State v. Matt

Decision Date26 June 1991
Docket NumberNo. 90-177,90-177
Citation48 St.Rep. 614,814 P.2d 52,249 Mont. 136
PartiesSTATE of Montana, Plaintiff and Respondent, v. Allen Ray "Speedy" MATT, Defendant and Appellant.
CourtMontana Supreme Court

Benjamin R. Anciaux, Polson, for defendant and appellant.

Marc Racicot, Atty. Gen., Patricia J. Jordan, Asst. Atty. Gen., Helena, Larry Nistler, County Atty., and Robert S. Anderson, Deputy, Polson, for plaintiff and respondent.

WEBER, Justice.

Defendant, Allen Ray "Speedy" Matt, appeals from a conviction for felony assault in violation of Sec. 45-5-202(2), MCA, following a jury trial in District Court in the Twentieth Judicial District, Lake County. We affirm.

We have revised the issues as follows:

1. Should this Court modify the Just Rule as established in State v. Just (1979), 184 Mont. 262, 602 P.2d 957, with regard to evidence of other crimes, wrongs or acts of the defendant?

2. Did the District Court err when it admitted testimony of other crimes, wrongs or acts of the defendant?

3. Was the evidence sufficient to support a verdict of guilty on the charge of felony assault?

On November 10, 1988, the defendant went to the Flathead Irrigation Project office to try to get money for a windshield that he claimed had been damaged by one of their trucks. When he failed to get what he wanted, he threw a rock through an office window and broke it.

Later that day a tribal officer went to defendant's house to talk to him about breaking the window. The defendant became verbally abusive, went into his house and refused to talk to the officer. The officer continued to talk to the defendant through defendant's door, telling defendant that he would have to get a warrant if defendant continued to refuse to talk to him. Defendant came back out of the house and an altercation occurred. The officer then placed the defendant under arrest. The defendant continued to resist, both verbally and physically. During the altercation, the officer sprayed the defendant in the face with his cap-stun in an attempt to subdue him. The defendant wrestled away from the officer and crawled back into his house.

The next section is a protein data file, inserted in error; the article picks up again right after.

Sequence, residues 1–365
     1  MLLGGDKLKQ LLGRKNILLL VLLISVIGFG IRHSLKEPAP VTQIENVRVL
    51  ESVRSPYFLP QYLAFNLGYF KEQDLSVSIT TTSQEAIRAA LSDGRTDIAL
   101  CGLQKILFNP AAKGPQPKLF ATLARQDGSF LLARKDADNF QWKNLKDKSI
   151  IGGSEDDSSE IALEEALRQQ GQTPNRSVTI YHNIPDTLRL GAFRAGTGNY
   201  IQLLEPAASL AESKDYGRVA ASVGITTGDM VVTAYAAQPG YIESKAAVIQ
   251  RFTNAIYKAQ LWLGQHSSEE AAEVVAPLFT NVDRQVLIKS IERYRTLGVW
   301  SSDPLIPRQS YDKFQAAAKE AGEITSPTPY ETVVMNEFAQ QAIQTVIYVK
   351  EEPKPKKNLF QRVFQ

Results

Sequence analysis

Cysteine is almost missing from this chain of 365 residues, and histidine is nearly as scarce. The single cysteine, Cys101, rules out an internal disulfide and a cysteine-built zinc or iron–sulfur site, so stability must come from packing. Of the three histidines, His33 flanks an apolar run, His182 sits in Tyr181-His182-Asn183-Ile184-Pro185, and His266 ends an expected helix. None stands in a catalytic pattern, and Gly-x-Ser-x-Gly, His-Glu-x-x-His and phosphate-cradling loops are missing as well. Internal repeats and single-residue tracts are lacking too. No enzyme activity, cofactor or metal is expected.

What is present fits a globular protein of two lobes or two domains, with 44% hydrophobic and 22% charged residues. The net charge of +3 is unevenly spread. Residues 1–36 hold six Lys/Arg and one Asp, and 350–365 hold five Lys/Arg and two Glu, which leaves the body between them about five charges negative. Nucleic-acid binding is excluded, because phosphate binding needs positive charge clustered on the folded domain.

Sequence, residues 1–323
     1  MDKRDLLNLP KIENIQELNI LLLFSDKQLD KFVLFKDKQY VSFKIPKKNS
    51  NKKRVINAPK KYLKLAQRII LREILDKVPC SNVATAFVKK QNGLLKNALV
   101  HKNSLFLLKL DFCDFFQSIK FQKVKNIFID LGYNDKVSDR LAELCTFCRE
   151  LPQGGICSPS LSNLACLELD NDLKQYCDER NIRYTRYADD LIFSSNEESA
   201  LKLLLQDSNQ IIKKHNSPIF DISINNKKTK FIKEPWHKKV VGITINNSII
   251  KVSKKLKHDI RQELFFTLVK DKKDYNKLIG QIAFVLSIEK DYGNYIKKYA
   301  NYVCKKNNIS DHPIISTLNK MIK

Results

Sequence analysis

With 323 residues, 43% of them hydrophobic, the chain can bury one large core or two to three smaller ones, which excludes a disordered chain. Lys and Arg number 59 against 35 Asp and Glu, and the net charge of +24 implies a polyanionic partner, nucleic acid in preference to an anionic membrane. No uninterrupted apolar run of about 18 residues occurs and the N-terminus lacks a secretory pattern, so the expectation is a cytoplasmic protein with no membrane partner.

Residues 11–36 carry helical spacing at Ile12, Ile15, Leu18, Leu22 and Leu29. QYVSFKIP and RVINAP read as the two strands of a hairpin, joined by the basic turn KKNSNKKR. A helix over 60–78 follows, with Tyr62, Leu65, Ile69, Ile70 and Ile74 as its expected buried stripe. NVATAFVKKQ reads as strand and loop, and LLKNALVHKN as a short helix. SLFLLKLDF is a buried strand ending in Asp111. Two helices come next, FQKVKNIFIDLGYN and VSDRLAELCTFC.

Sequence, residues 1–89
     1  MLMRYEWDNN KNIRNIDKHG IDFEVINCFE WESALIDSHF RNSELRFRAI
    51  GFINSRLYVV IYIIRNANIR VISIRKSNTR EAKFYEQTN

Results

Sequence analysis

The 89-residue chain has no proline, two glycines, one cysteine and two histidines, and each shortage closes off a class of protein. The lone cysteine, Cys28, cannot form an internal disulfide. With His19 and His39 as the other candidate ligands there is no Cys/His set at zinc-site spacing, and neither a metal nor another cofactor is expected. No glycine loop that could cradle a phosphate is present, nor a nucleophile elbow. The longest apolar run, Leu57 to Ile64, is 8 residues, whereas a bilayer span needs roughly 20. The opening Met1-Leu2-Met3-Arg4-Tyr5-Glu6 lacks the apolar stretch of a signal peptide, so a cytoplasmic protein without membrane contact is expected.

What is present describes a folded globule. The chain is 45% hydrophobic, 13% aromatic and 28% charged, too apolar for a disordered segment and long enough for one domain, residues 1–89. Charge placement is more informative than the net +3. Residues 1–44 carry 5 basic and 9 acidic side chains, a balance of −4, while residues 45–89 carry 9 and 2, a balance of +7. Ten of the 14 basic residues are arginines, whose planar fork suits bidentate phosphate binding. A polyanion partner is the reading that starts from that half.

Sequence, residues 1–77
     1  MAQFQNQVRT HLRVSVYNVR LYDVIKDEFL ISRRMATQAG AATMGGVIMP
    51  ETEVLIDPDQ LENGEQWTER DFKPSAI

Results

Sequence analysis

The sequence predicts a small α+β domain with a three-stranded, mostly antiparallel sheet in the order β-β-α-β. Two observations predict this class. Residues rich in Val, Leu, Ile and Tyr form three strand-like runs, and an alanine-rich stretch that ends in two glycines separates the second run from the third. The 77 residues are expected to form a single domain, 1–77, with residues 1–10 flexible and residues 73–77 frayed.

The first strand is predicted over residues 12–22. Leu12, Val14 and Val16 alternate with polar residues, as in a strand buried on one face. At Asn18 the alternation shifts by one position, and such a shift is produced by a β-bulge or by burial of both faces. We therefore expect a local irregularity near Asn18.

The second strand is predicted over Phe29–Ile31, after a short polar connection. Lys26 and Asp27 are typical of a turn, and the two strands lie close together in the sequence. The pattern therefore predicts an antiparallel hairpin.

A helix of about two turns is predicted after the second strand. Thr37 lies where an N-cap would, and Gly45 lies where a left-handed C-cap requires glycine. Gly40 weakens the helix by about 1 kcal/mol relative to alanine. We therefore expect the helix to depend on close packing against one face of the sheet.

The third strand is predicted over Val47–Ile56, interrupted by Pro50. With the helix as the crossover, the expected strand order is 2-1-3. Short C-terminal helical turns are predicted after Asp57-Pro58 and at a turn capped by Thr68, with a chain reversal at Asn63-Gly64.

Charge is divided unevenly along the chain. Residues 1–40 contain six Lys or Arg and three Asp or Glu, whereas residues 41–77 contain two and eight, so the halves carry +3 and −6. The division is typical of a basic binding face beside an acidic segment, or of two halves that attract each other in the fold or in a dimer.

The officer left the porch to call for backup. The defendant came back out of the house swinging a long sickle-shaped knife and yelling, "I'll kill you, you son of a bitch." The officer approached defendant from the rear and attempted to disarm him. A wrestling match ensued. The officer managed to knock the knife away. When the officer got away and backed off, the defendant grabbed a club-like stick. The officer put his hand on his gun, which was still in its holster. Defendant yelled, "Go ahead, shoot me", then went back into his house and out the back door. The officer sustained injuries during the altercations.

A short time later, the defendant was arrested and put into a police vehicle by other officers. Defendant repeatedly kicked the door in the vehicle until he had to be removed from the vehicle and subdued.

I

Should this Court modify the Just Rule as established in State v. Just (1979), 184 Mont. 262, 602 P.2d 957, with regard to evidence of other crimes, wrongs or acts of the defendant?

At trial the State introduced evidence that the defendant had been involved three months earlier in an altercation with a deputy sheriff in Okanogan County, Washington. The deputy sheriff testified that he was on duty at a rodeo when the defendant entered the rodeo headquarters. Defendant had assaulted a woman and he was still trying to attack his victim. The deputy had to physically separate the defendant from his victim. The defendant pushed the deputy in the chest to get him out of the way so he could get to the victim. He shoved the deputy two more times during the struggle. Another officer then took the victim to another room. When the deputy had the defendant under control and sitting down, the defendant jumped up and pushed the deputy again, attempting to leave. The deputy had to grab the defendant and pull him down to the floor to attempt to handcuff him. The defendant continued to struggle. Eventually the deputy got the defendant into handcuffs and arrested him. The deputy described him as "crazed."

Defendant contends the Washington incident was not similar to the crime for which he was on trial and that there was no connection between the events from which to infer a common scheme or plan. Therefore defendant contends that the Just Rule was not met. State v. Just (1979), 184 Mont. 262, 602 P.2d 957. The State contends that the evidence of the Washington altercation was relevant to show state of mind or intent of the defendant with regard to the assaulting of police officers. The State contends this was admissible under Rule 404(b), M.R.Evid.

In 1979, State v. Just established what has come to be called the Just Rule. Just analyzed the exceptions to the general rule of the incompetency of evidence of the commission of other crimes, pointing out that the exceptions which are the rule in Montana are of ancient lineage. Just then described the exceptions as set forth in the 1973 case of State v. Taylor (1973), 163 Mont. 106, 515 P.2d 695. The exceptions were specifically recognized in a number of cited Montana cases decided in the preceding 75 years, reaching back to State v. Peres (1903), 27 Mont. 358, 71 P. 162.